Click here for Part 1.
For many years, what kept me inside the church was my core community. After I got married and moved to California, I started attending a church that I loved. I jumped in from day one, volunteering on the welcome team and eventually meeting my support system for the four years that we lived in Orange County.
At the time I joined, I loved the pastor. The church itself held basically mainstream theology as far as nondenominational churches go, but this pastor felt more progressive on many social issues. In this church, I felt safe theologically but also had the freedom to explore issues more deeply on my own. Living on the west coast gave me the benefit of a more liberal Christian culture in which I still had safe boundaries but felt a wider berth to question.
God brought into my life an amazing group of people who I shared life with over the course of three years. We formed an incredible bond and walked through weddings, births, significant health scares, new career directions, marital issues, and everything else life threw at us. At different points throughout that time, my husband and I had six different members of our small group living in our house. This group became my chosen family.
However, through the course of those three years, the pastor we loved left our church and we went through a long period of transition until finally hiring a new head pastor. For most of us in our small group, the reason we stayed at the church was each other. When the dust settled, many in our group had begun to move in different life directions. I had became a mother during that time, a change that prompted me to inspect every inch of my life and values. I looked around and saw a church filled with people who I didn’t recognize and a place that wasn’t mine anymore. This is the specific church that I non-dramatically left when I “left the church.”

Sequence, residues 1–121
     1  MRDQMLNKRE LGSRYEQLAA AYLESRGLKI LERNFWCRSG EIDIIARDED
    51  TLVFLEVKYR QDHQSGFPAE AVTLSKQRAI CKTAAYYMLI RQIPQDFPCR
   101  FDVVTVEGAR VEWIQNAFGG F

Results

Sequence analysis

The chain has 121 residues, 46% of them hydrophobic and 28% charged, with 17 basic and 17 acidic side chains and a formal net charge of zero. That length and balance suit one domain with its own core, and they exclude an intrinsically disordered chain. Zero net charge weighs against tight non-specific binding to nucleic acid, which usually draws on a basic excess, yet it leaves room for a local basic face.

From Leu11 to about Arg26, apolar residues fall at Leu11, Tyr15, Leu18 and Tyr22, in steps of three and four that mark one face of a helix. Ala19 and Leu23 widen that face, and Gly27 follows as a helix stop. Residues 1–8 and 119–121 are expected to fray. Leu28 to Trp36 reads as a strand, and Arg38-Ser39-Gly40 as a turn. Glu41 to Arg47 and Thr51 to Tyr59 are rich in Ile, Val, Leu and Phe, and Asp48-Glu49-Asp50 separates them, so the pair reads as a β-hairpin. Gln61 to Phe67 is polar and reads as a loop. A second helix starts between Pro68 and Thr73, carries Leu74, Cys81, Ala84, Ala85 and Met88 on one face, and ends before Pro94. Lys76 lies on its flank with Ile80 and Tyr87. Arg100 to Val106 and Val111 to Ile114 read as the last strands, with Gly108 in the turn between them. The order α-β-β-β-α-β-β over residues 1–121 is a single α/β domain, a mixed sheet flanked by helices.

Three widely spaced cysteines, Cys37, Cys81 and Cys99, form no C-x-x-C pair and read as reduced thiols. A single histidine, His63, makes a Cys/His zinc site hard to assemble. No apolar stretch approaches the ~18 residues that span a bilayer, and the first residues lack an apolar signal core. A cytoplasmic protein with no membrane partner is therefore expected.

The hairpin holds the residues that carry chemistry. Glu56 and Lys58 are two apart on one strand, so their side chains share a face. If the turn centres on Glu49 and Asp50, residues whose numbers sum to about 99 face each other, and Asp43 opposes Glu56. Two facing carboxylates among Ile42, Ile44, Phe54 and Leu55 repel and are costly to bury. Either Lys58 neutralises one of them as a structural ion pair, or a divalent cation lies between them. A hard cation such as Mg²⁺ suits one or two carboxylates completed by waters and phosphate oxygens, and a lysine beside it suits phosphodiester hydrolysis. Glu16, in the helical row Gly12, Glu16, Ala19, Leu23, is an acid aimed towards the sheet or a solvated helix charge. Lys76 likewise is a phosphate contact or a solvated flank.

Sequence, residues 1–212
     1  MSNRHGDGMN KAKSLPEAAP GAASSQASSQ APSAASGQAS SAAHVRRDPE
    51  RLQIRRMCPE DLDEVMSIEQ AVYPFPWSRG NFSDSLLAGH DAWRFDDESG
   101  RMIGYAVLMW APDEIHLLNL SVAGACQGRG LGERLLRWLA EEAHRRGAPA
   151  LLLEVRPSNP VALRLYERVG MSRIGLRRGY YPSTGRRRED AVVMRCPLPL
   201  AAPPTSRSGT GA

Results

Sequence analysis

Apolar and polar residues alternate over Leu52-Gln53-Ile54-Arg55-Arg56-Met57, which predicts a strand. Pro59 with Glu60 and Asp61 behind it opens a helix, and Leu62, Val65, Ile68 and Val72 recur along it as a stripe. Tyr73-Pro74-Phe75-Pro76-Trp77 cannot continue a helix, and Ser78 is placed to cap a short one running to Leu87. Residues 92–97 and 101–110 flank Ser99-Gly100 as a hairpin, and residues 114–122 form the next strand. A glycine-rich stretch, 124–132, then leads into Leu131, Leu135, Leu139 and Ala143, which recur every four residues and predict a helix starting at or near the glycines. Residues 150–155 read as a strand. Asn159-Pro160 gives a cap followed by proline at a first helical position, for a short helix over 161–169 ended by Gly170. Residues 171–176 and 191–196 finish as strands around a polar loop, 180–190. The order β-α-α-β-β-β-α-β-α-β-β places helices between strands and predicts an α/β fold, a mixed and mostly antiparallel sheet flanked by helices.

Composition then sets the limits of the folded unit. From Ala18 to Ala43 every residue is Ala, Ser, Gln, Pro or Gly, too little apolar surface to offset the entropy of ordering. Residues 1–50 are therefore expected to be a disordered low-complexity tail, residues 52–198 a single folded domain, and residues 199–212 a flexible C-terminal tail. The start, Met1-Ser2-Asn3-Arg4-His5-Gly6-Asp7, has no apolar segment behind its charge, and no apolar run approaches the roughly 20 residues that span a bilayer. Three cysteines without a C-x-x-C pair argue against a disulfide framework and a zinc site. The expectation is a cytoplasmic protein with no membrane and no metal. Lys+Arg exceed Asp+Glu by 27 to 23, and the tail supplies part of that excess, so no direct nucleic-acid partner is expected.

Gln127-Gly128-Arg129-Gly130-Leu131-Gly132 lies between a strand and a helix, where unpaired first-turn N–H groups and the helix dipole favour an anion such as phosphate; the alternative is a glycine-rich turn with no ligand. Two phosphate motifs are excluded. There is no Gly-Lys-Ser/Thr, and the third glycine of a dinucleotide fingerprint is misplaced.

After ceasing to identify with the Evangelical Church, I saw many things that I was unable to see from the inside. One of the main things I realized is that I and so many other people viewed church as a club. If you like knitting, you join the knitting club. If you like Harry Potter, you join the Harry Potter club. If you hold a certain set of beliefs about the way the world works and what’s good or evil, you join the Christian club. Here’s the problem, though—if you stop identifying with the thing that the club identifies with, you no longer belong to the club.
At the same time much of this was happening to me, I watched one of my best friends dismantle her Christian faith brick by brick. On many of the social and theological issues I felt that her view mirrored mine. We both had problems with things we had heard in church and the way that the church presented itself in the culture in general. Her questions got me thinking. What is it that separates me from her? Why do we reach the same conclusions about the issues, yet she’s abandoning it and I’m holding on for dear life? Despite differences in upbringing, personality, and location, the questions we had were the same. What are we supposed to do when we don’t believe many of the things we were always told were true? What do we do when the worldview we were working with doesn’t work for us anymore?
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